My grades sucked. I knew I was smart, but why was college so hard. I met my fiance, worked full time, and my grades shot up. I left college without a degree, but close to 5 half or more completed majors. I shuffled through jobs every 4-5 years before the challenge faded, and I lost interest. I filled time with biking and dancing, but I got injured and, at 51, lost my battle. One hand wasn’t enough anymore. I got counseling. I got diagnosed. I got meds. My hand was untied. Now, 52 I can pull myself up, focus, and move forward.
When I was in 2nd grade, my father drove me to a brick building once a day for 3 days. A lady there would ask me questions. When the three days were up, she handed my parents a large stack of papers. My diagnosis.
I love to read, but sometimes I can only focus on the things behind the book, not the words itself. I can barely keep my room straight for a few days. I get distracted easily, and would switch back and fourth between by computer tabs when I was trying to focus on something. It never felt like anything but a lack of discipline. It never felt like anything more than disorganization. It never felt like ADHD. A teacher said ADHD meant kids who didn’t listen to adults. She was wrong.
My mother says I wouldn’t be nearly as creative as I am if I didn’t have ADHD. I can’t imagine a world where the pen wasn’t as big a part of my life as it is. I love writing, it feels more like something I can’t not do than a hobby. I love to draw, but it never felt like ADHD. It felt like me.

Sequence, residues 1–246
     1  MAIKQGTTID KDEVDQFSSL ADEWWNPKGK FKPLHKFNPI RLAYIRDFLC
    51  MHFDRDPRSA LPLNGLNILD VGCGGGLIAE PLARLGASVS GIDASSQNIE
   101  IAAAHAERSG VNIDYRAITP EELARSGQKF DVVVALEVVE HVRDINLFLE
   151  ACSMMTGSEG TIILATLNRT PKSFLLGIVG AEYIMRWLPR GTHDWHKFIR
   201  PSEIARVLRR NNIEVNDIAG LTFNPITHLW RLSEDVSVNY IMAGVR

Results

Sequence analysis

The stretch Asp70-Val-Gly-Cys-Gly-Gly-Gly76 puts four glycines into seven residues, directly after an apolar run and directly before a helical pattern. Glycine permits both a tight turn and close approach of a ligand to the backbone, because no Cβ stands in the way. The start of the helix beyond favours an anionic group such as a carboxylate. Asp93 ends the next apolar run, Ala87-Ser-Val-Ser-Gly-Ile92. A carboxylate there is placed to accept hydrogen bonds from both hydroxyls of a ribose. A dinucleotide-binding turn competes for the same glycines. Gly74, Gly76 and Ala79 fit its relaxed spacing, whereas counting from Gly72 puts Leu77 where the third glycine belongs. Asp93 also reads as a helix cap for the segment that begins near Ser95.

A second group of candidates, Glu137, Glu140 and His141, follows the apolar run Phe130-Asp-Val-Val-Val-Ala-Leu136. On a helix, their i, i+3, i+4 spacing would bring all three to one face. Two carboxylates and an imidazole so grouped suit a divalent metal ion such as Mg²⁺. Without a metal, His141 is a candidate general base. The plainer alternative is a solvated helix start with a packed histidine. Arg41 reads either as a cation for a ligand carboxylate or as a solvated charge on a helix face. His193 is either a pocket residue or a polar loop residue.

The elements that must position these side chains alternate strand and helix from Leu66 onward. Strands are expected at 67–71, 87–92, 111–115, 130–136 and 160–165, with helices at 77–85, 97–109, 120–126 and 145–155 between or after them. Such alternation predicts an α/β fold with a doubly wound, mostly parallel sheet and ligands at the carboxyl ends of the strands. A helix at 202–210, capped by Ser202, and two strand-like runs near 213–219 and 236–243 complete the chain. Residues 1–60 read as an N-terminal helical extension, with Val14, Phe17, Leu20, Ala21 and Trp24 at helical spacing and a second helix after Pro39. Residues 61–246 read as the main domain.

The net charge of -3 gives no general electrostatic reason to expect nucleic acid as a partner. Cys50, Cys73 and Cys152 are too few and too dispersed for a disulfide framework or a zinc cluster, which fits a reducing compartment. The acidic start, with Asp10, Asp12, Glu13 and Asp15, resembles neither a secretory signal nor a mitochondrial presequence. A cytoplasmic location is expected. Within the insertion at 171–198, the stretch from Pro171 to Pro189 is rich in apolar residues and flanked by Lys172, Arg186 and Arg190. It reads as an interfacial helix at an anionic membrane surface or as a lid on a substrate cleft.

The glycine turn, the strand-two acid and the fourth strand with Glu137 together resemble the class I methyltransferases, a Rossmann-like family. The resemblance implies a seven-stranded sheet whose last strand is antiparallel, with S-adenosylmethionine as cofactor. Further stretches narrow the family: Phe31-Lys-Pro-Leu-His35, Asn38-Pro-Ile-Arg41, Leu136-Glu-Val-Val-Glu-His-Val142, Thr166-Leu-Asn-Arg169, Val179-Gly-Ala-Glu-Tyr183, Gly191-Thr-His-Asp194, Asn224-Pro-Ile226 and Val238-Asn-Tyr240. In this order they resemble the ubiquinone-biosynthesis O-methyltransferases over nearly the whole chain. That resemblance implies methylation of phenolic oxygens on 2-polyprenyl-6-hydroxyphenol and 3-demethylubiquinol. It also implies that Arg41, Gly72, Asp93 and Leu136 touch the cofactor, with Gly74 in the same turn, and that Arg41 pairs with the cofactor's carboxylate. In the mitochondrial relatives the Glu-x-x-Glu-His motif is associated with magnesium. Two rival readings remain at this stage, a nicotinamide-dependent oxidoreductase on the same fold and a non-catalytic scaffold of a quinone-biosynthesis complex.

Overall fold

A lot of people do not understand what ADHD is. My son has ADHD. He was diagnosed at 5 years old. We had many moments of melt downs in stores. Many sleepless nights full of tears. We would get stared at. Many people would glare at me judging. I had been told many times why don’t you discipline your child better. People do not understand the struggle people with adhd go through. It’s a daily struggle. They can get overwhelmed and over stimulated easily. It’s not a lack of discipline. It’s a neurological disorder. They cannot control it. My heart broke when my son said I just want to be a “good” kid. I reassure him daily that he is not only a good kid but an amazing kid. I would love to raise awareness so people would understand more instead of judge. That way no child feel like they are not a “good” kid.
As a musician, one of the things I miss most during lockdown is making music with friends. But I came up with a creative solution, that went on to be a bit hit for Father’s Day: I got together with a pianist friend (she in her house in Esher, me in mine in Guildford), and we put on a live-stream broadcast concert performance of “Paddington Bear’s First Concert.” My friend played the piano, while I narrated the story. We invited kids from all around the world to submit their favourite drawings of Paddington, which we displayed during the concert. We also put some pre-concert videos together, to teach kids how to make musical/percussion instruments, so they could play along with us.
Having ADHD used to make me feel like I had limited abilities, but it turns out, projects like these really depend on my kind of brain-wiring. The ability to think outside the box, and come up with creative ways to bring art and music together, is one of my greatest ADHD abilities.
A casual story about my ADHD making me space out. In school we MUST follow arrows in-between classes to avoid coming face to face with people because of the virus. Because of this I often have to walk in a circle to reach classes just a hall over.
One day I spaced out and had to walk ALL the way around TWICE.
The very next day I had to walk around THREE TIMES because I spaced out and missed my hall and could NOT turn around. I was late for class. It’s something I can laugh about. We do have hardships but we also have little quirks to chuckle at.